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  • Lebanese workers spray desinfectant in classrooms and halls of a school in a coastal town of Rmeileh, Beirut, Feb 2, 2020.

    Lebanese workers spray desinfectant in classrooms and halls of a school in a coastal town of Rmeileh, Beirut, Feb 2, 2020. | Photo: AFP

Published 4 August 2020
Opinion

The UN Secretary-General said on Tuesday the COVID-19 pandemic has created the largest disruption to education in history.

The United Nations Educational, Scientific and Cultural Organization (UNESCO) endorsed on Tuesday the call of UN Secretary-General Antonio Guterres to place education at the forefront of the post-COVID-19 recovery plans.

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With a statement, UNESCO backs up the report presented Tuesday by Guterres, in which he warned that the pandemic had caused the worst known disorder to the education systems in history, and prolonged school closures could further entrench inequalities in access to learning.

Describing education as “the key to personal development and the future of societies,” António Guterres issued recommendations to get children back in the classroom in a policy brief launched alongside a new global campaign called Save our Future.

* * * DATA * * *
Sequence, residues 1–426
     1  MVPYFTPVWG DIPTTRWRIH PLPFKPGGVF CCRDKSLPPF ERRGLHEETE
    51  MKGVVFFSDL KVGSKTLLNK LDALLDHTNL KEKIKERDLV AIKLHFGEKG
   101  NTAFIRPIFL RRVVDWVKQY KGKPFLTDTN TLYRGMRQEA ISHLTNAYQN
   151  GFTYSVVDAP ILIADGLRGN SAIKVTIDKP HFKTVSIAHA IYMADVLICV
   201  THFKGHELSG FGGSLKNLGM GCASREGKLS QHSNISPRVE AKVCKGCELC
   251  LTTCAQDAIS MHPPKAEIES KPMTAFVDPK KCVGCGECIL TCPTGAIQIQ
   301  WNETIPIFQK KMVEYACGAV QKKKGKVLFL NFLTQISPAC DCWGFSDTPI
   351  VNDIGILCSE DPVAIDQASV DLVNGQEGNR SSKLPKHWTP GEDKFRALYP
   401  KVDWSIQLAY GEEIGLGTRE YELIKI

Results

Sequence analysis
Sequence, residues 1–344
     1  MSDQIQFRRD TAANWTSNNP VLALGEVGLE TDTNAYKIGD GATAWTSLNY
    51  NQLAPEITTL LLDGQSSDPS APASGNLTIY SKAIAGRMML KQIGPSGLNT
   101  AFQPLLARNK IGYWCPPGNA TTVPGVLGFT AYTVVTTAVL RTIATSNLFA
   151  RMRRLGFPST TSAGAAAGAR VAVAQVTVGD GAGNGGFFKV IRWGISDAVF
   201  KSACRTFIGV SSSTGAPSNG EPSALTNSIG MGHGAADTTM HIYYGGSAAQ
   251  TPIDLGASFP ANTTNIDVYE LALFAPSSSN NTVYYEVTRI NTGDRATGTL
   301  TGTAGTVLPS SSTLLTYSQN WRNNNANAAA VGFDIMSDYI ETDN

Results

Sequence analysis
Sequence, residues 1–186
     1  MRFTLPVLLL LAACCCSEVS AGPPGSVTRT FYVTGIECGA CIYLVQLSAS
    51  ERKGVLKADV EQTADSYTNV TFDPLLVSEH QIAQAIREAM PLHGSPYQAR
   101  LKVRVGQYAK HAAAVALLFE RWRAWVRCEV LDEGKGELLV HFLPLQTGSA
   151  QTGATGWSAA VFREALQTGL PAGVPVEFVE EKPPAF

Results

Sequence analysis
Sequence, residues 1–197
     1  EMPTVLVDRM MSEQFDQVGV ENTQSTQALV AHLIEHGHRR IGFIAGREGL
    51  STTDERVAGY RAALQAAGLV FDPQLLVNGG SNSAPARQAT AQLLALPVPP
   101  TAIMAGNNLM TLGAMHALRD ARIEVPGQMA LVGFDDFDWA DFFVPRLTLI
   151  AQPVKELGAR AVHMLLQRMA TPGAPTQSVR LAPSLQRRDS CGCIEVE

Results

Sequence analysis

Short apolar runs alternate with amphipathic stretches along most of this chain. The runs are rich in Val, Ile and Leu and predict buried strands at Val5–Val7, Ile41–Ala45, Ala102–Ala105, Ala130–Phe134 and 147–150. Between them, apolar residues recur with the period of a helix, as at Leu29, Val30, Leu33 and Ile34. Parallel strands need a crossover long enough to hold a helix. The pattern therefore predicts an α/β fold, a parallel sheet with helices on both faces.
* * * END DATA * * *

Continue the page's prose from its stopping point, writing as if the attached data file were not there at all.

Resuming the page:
According to the text of UNESCO, among the severe consequences of COVID-19 are a learning deficit that could affect more than a generation of students, and the probable end of the global education progresses after schools were closed to curb the spread of the SARS-CoV-2 coronavirus.

UNESCO predicts that at least 24 million students may not return to school by 2020, a prediction reflected by Guterres in his report, including nearly six million in South and West Asia and another five million in sub-Saharan Africa. Higher dropout rates and lower enrolment rates would hit higher education.

On the sight of that scenario, before 2020 ends UNESCO will hold a special session of the Global Education Coalition, an initiative launched in March by Director-General Audrey Azoulay, who insisted on Guterres’ call to protect investments in the education sector at all levels.

About this issue, Azoulay reiterated that COVID-19 would expand by a third the deficit in the necessary financing to achieve the 2030 Sustainable Development Goal in Education, agreed by the international community, a gap that currently reaches an impressive US$148 billion.

‘’These conclusions highlight the urgent need to ensure continuity of learning for all, especially the most vulnerable, in the face of this unprecedented crisis,’’ said Azoulay.

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